Projectionist recalls his zeal for the reel

May 18, 2004|by MARLO BARNHART

There are exactly 62 steps on the fire escape leading to the projection booth at The Maryland Theatre. George Wagner, 90, knows that because he climbed those stairs hundreds of times to watch and learn the trade he loved.

"I was only 18. I couldn't get into the union until I turned 21 in 1935, so I would sneak in," Wagner said. He parlayed that love of film into a career that lasted more than 25 years.

Wagner and his wife, Genny, have been married for 56 years and have three sons.

Wagner recalls seeing the silent film "The Birth of a Nation" projected onto a sheet when he was 7 years old.


Hooked on pursuing a film career, Wagner sold salve for a mail-order company so he could win a small projector as a reward.

"Later I saw a man who worked as a projectionist and he was driving a convertible, smoking a big cigar and making about $45 a week," Wagner said. "I was making about $7 or $8 a week then, so I knew this was the career for me."

After an intense apprenticeship, he started working as a projectionist. Even a stint in the U.S. Army in World War II didn't dampen his zeal, as he managed to get a job operating the projection equipment at the Newfoundland base where he was stationed.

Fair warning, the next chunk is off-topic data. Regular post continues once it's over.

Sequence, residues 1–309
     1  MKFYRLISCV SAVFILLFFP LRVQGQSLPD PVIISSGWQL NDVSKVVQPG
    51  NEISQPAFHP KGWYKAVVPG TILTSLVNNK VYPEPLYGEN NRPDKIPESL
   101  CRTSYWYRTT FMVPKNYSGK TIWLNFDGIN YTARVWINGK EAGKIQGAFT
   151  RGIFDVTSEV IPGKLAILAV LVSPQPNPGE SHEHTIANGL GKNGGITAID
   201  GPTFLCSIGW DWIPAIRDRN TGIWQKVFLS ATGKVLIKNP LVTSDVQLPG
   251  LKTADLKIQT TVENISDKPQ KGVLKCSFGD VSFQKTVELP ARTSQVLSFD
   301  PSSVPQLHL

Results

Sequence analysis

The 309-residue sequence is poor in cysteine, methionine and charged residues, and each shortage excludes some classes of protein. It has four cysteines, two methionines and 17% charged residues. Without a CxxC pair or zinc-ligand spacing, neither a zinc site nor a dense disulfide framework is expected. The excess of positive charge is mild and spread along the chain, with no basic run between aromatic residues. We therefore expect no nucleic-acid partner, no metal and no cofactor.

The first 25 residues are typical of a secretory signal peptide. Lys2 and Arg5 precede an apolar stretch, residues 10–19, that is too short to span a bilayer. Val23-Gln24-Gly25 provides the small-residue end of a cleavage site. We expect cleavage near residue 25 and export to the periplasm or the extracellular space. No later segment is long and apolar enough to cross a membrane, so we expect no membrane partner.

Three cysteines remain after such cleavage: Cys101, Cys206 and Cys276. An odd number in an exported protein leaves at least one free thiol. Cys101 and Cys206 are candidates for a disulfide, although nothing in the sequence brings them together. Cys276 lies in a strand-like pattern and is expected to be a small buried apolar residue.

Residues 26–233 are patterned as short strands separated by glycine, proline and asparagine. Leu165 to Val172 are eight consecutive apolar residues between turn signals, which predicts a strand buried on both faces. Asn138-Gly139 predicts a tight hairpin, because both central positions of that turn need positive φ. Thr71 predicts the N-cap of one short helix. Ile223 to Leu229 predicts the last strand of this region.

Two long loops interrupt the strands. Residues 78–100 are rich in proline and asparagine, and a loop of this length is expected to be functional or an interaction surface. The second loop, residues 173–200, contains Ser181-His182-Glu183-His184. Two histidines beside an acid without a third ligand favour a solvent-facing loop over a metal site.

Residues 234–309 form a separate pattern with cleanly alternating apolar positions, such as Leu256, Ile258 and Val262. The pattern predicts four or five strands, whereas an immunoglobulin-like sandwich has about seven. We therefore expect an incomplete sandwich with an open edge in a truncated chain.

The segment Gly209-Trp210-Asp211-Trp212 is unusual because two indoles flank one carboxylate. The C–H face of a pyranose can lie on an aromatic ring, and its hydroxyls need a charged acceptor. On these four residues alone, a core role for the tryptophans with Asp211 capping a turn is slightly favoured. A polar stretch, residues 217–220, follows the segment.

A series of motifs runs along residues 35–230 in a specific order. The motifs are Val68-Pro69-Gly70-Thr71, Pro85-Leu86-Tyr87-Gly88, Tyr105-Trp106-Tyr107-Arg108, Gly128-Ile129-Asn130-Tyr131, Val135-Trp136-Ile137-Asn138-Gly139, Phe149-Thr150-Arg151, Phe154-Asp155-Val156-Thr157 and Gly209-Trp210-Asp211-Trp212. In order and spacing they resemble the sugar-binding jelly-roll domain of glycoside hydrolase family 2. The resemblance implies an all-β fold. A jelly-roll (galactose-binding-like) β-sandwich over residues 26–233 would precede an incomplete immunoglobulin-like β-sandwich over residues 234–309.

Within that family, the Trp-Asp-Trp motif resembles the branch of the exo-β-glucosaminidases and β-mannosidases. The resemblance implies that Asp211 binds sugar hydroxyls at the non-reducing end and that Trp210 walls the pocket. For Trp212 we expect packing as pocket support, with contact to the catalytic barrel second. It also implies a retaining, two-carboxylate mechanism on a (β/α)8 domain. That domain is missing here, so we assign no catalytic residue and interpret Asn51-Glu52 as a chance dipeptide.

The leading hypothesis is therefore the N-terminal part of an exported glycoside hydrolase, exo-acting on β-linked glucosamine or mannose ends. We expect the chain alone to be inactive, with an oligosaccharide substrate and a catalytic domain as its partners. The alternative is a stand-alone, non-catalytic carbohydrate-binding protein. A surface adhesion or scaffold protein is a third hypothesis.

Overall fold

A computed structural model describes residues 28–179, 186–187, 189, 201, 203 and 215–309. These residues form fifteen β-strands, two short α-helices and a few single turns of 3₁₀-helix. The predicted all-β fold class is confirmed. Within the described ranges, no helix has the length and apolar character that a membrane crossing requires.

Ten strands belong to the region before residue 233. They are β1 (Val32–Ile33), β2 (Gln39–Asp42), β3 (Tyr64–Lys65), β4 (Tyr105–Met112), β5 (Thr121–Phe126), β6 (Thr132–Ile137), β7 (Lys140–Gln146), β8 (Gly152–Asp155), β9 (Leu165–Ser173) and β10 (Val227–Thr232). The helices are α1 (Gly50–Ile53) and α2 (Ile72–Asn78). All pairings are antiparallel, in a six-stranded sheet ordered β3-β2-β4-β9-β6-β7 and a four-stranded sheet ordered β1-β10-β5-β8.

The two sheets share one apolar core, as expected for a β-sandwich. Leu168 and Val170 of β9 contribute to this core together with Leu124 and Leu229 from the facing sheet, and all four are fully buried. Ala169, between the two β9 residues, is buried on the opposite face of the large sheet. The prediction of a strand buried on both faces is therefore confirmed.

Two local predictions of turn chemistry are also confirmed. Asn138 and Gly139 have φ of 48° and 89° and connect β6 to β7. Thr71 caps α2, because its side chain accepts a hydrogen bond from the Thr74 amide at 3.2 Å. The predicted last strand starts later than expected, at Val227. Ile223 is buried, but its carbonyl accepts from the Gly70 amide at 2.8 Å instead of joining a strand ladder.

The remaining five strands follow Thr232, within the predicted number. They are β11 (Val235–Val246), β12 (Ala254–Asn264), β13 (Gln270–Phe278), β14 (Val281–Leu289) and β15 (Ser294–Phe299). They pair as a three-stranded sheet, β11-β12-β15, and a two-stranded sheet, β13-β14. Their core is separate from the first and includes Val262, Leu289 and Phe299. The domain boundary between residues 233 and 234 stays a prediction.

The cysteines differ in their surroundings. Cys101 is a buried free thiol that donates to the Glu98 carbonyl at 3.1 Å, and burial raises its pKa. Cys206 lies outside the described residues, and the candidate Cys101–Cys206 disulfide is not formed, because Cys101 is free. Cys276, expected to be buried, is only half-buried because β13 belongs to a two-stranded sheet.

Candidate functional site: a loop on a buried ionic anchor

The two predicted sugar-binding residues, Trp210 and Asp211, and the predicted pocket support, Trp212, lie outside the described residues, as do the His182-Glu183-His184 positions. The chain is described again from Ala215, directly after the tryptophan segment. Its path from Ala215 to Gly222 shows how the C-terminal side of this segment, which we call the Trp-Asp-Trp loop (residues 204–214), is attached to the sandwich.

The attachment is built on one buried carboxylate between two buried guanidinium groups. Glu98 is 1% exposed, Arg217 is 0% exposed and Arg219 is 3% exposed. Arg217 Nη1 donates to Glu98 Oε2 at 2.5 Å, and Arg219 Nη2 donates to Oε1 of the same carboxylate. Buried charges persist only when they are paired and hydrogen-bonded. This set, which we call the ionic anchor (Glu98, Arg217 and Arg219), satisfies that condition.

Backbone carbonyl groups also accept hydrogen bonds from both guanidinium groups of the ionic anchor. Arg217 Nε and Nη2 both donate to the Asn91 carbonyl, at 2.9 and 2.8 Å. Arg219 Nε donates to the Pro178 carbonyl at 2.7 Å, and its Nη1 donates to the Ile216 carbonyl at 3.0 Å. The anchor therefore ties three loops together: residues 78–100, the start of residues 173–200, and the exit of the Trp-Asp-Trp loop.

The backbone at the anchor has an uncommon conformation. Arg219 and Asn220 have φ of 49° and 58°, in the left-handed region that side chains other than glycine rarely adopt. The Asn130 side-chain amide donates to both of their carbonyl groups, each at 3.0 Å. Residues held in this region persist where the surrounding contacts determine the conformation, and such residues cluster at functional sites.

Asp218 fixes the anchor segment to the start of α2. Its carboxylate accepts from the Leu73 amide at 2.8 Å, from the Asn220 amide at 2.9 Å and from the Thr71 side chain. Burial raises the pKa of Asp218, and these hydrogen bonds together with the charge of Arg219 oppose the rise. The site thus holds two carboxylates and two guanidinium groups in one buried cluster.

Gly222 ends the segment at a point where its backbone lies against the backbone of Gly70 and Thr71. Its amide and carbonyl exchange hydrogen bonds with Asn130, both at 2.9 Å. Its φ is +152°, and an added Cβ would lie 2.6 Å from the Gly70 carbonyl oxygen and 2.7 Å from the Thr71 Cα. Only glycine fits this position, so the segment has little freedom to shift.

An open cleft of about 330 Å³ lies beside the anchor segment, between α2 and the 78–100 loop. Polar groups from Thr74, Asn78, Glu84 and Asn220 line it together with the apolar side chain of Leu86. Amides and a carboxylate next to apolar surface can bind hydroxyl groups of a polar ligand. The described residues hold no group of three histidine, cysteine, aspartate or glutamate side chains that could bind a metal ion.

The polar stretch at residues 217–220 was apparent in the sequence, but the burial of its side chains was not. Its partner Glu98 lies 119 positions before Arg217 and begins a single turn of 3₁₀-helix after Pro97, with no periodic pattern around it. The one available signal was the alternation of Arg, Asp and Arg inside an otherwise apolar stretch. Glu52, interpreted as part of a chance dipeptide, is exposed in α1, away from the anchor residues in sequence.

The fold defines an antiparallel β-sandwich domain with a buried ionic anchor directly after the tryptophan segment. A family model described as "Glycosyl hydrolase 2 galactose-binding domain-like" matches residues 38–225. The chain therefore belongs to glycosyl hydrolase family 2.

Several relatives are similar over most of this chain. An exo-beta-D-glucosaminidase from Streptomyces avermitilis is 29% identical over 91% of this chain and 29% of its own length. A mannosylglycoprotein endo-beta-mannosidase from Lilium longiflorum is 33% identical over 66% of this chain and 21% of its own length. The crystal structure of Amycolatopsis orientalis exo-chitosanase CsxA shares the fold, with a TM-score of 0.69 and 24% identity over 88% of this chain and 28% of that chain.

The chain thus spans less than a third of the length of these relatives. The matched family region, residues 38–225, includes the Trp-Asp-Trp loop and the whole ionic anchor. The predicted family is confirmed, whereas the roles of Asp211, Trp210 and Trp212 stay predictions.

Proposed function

For about 25 years, Wagner worked at The Maryland Theatre and the old Academy Theater on West Washington Street.

"I always loved seeing the theater filled with people and knowing I was in charge of putting on a good show for them," he said.

Even when he went on to other full-time jobs as an inspector at Fairchild and Mack Trucks, Wagner said he worked part time at the theaters.

Wagner has been a volunteer at The Maryland Theatre for more than 20 years and still is a member of its board of directors. The George A. Wagner Projection Room at the theater was named in his honor.

Back in the 1930s and 1940s, Warner Bros. owned nine theaters in and around Hagerstown, Wagner said. The Maryland Theatre was the "A" theater, which meant it got the top movies first in the area.

Born in Hagerstown, Wagner was the eldest of eight children, three of whom - in addition to Wagner - still are living. He attended eight years of St. Mary's Catholic School and later took a high school equivalency test when he had to go to work to help his family instead of going on to high school.

"My whole life, I was only out of work two weeks, even through the Depression," Wagner said. "I have been very fortunate in that I always had a job I liked, whether at the theaters, Fairchild or at Mack Trucks. I made a good wage, had good benefits and no long commutes - you can't get any better than that."

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